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  Fire-Tongue Sax Rohmer

Introducing Mr. Nicol Brinn

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At about nine o'clock on the same evening, a man stood at a large window which over looked Piccadilly and the Green Park The room to which the window belonged was justly considered one of the notable sights of London and doubtless would have received suitable mention in the "Blue Guide" had the room been accessible to the general public. It was, on the contrary, accessible only to the personal friends of Mr. Nicol Brinn. As Mr. Nicol Brinn had a rarely critical taste in friendship, none but a fortunate few had seen the long room with its two large windows overlooking Piccadilly.

The man at the window was interested in a car which, approaching from the direction of the Circus, had slowed down immediately opposite and now was being turned, the chauffeur's apparent intention being to pull up at the door below. He had seen the face of the occupant and had recognized it even from that elevation. He was interested; and since only unusual things aroused any semblance of interest in the man who now stood at the window, one might have surmised that there was something unusual about the present visitor, or in his having decided to call at those chambers; and that such was indeed his purpose an upward glance which he cast in the direction of the balcony sufficiently proved.

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The watcher, who had been standing in a dark recess formed by the presence of heavy velvet curtains draped before the window, now opened the curtains and stepped into the lighted room. He was a tall, lean man having straight, jet-black hair, a sallow complexion, and the features of a Sioux. A long black cigar protruded aggressively from the left corner of his mouth. His hands were locked behind him and his large and quite expressionless blue eyes stared straight across the room at the closed door with a dreamy and vacant regard. His dinner jacket fitted him so tightly that it might have been expected at any moment to split at the seams. As if to precipitate the catastrophe, he wore it buttoned.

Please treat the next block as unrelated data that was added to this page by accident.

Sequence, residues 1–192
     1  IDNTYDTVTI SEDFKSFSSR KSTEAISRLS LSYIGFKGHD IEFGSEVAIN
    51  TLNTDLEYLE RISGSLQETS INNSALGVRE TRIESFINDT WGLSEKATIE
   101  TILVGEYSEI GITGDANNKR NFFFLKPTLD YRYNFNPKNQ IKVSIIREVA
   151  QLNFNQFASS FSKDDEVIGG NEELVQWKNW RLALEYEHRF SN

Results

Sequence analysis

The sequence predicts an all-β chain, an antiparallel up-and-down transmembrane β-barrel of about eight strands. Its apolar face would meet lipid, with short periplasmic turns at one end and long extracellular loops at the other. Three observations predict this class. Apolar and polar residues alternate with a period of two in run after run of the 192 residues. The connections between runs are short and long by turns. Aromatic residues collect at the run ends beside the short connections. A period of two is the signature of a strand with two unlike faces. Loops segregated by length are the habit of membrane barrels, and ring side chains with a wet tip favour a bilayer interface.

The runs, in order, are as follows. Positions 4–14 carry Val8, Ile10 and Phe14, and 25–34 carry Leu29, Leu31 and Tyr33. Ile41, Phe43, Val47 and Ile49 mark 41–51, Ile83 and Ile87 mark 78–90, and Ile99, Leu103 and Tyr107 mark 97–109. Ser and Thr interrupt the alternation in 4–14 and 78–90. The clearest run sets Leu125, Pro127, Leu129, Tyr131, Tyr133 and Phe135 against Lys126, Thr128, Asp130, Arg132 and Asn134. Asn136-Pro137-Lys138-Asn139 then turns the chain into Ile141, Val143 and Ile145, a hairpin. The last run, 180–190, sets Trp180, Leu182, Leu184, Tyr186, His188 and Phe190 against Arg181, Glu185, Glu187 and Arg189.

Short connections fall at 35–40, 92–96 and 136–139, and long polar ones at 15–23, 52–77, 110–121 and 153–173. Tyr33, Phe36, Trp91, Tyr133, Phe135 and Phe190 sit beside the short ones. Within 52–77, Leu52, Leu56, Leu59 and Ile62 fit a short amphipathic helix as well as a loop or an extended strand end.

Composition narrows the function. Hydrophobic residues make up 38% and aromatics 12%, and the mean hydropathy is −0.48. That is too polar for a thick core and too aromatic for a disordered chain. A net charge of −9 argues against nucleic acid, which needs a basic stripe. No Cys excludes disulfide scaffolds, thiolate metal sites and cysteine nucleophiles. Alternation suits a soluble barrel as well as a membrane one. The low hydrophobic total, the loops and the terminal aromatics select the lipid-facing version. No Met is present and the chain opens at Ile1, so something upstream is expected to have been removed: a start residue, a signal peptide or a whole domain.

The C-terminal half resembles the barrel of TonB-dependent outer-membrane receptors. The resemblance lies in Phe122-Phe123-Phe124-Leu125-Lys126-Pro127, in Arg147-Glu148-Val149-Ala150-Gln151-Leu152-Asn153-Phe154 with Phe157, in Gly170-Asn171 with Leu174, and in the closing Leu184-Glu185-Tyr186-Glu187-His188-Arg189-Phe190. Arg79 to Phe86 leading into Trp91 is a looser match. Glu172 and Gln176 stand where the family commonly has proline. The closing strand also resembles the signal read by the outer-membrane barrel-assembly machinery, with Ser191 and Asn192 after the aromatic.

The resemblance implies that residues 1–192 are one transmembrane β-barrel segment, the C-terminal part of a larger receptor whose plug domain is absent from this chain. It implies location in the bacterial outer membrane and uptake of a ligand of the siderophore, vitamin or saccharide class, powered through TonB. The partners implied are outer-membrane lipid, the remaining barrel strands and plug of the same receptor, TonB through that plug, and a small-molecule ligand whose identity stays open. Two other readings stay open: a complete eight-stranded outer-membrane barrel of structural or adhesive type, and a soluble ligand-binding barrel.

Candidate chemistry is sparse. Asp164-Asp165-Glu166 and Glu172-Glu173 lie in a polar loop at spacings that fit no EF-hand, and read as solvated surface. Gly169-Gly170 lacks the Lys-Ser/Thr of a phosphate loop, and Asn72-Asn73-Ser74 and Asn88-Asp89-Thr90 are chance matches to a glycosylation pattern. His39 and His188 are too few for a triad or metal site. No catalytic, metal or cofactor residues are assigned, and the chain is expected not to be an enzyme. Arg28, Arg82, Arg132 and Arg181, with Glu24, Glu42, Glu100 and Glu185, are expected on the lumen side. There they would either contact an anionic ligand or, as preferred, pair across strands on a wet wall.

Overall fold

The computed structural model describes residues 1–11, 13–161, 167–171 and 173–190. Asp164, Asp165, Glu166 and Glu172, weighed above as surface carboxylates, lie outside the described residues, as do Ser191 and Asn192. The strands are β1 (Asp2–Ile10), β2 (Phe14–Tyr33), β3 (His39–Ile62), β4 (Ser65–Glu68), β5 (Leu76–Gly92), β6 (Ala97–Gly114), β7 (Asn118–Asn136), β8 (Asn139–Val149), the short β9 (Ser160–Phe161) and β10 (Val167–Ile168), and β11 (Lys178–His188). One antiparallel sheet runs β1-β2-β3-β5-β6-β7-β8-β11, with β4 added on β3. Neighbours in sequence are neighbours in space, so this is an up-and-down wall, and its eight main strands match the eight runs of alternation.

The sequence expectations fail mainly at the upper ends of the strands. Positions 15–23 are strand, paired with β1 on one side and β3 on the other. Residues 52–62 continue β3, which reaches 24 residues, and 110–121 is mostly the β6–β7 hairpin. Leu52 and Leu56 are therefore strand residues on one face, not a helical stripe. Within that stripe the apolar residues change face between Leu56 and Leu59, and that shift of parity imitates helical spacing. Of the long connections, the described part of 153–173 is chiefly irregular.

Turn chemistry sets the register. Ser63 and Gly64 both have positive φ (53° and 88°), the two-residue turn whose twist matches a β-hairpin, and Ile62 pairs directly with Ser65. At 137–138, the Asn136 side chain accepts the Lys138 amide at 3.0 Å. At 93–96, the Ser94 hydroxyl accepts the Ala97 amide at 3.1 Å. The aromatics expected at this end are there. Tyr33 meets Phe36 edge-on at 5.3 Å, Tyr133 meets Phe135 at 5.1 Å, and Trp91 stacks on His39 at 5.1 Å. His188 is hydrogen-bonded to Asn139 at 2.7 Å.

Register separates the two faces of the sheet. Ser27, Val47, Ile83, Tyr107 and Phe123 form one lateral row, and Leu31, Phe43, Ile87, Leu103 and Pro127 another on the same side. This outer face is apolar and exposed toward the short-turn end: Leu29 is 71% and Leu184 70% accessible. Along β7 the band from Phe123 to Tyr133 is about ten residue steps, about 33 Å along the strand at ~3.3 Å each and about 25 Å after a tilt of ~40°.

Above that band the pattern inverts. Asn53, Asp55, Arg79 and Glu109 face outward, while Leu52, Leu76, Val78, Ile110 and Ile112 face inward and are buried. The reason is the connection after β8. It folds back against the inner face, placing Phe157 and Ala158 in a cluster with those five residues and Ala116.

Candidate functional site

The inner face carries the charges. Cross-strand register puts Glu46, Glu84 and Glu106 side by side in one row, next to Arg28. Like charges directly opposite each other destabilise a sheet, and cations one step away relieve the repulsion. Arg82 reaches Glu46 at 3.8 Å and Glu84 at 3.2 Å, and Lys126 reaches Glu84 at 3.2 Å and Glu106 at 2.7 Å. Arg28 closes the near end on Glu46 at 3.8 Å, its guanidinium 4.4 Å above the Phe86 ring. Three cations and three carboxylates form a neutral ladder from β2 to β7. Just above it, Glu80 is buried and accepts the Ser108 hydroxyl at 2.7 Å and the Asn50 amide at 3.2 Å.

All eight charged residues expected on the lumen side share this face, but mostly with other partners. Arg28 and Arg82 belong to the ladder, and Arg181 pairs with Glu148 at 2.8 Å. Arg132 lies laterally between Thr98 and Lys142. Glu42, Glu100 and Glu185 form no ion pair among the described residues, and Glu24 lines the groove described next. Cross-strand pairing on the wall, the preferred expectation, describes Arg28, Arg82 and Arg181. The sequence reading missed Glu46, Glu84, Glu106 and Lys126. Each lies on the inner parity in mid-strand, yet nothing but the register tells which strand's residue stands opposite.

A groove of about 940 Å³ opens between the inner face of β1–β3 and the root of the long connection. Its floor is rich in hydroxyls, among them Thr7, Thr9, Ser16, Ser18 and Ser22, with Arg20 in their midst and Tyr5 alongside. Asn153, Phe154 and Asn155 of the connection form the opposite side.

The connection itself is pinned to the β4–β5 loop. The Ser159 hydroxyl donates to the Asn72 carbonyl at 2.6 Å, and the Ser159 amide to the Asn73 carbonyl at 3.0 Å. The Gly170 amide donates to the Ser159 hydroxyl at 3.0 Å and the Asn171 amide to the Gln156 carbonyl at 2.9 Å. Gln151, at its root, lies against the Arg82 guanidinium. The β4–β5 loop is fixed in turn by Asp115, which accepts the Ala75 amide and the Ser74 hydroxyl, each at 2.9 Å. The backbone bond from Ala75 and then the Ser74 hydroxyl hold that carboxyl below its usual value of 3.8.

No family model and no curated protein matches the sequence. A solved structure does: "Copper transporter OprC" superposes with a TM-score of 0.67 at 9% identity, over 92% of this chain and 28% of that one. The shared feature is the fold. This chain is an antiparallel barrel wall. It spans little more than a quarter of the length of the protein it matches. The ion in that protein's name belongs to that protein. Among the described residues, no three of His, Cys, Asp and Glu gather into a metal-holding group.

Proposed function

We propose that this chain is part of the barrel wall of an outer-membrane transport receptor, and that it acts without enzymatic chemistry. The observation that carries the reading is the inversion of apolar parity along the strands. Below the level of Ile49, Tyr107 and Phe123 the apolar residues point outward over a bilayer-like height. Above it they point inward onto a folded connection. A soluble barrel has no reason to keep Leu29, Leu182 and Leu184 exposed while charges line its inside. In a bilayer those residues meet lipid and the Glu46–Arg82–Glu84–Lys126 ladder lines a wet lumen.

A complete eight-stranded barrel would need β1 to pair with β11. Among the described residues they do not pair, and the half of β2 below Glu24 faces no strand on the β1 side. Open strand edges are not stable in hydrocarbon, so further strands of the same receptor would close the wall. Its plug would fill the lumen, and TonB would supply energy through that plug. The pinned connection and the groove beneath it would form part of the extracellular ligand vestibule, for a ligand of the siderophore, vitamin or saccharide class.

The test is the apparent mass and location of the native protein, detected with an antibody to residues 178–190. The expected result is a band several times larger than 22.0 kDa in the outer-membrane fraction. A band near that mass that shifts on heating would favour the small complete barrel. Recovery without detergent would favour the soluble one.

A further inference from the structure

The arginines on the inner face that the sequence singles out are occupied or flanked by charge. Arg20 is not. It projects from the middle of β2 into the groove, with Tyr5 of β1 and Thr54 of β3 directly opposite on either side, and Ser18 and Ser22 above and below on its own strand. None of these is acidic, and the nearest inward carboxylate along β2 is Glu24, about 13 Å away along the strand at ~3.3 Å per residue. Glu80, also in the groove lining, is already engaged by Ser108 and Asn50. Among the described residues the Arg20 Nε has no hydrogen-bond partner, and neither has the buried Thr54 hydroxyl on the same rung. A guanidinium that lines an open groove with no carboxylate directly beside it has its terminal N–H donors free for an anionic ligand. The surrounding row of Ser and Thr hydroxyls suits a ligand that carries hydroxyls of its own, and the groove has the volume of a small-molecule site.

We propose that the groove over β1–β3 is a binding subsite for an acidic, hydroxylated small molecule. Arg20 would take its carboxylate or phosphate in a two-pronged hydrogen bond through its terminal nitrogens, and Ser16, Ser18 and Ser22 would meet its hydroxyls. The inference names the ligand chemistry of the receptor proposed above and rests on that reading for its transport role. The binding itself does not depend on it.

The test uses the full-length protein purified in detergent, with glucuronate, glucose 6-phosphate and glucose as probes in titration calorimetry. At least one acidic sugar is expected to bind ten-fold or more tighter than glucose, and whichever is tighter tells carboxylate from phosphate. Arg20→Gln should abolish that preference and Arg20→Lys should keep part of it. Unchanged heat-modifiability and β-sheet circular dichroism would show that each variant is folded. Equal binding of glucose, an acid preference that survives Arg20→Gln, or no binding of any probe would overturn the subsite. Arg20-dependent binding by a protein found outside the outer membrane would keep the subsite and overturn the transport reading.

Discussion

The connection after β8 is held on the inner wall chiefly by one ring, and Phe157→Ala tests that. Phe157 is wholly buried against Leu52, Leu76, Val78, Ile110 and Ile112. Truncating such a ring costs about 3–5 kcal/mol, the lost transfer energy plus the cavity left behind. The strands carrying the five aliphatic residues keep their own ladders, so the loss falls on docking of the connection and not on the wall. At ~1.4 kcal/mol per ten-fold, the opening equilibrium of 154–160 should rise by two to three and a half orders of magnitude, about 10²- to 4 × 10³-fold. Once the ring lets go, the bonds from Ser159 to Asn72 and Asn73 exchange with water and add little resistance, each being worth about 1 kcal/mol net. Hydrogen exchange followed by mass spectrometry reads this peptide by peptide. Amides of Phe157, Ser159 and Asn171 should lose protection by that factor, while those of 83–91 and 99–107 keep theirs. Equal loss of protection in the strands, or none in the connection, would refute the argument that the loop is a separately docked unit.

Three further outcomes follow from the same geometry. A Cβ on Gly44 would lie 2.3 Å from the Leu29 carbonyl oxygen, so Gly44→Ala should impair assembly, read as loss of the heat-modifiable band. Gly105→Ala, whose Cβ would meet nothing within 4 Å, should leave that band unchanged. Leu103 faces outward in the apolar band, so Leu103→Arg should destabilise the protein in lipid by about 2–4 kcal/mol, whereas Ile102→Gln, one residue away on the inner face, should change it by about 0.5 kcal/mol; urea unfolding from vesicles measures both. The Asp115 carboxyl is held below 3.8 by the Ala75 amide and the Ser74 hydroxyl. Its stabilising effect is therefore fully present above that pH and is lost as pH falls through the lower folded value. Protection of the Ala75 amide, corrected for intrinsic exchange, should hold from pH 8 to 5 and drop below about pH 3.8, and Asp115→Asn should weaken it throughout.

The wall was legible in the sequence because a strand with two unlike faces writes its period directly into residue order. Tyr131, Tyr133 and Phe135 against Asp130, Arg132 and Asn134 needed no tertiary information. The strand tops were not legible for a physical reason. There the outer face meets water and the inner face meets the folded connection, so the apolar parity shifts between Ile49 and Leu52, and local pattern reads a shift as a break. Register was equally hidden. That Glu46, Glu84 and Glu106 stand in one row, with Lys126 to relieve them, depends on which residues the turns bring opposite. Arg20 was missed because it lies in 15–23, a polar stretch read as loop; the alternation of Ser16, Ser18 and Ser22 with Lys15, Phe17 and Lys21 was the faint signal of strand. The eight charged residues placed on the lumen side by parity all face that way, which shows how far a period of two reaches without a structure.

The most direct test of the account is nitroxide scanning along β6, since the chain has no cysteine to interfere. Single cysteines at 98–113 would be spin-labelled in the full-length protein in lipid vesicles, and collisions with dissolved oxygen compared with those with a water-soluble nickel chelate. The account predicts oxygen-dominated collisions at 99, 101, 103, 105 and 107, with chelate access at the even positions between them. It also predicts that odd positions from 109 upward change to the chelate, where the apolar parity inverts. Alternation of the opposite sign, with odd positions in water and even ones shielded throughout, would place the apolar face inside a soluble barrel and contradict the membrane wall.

There came a rap at the door.

"In!" said the tall man.

The door opened silently and a manservant appeared. He was spotlessly neat and wore his light hair cropped close to the skull. His fresh-coloured face was quite as expressionless as that of his master; his glance possessed no meaning. Crossing to the window, he extended a small salver upon which lay a visiting card.

"In!" repeated the tall man, looking down at the card.

His servant silently retired, and following a short interval rapped again upon the door, opened it, and standing just inside the room announced: "Mr. Paul Harley."

The door being quietly closed behind him, Paul Harley stood staring across the room at Nicol Brinn. At this moment the contrast between the types was one to have fascinated a psychologist. About Paul Harley, eagerly alert, there was something essentially British. Nicol Brinn, without being typical, was nevertheless distinctly a product of the United States. Yet, despite the stoic mask worn by Mr. Brinn, whose lack-lustre eyes were so unlike the bright gray eyes of his visitor, there existed, if not a physical, a certain spiritual affinity between the two; both were men of action.

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Sax Rohmer

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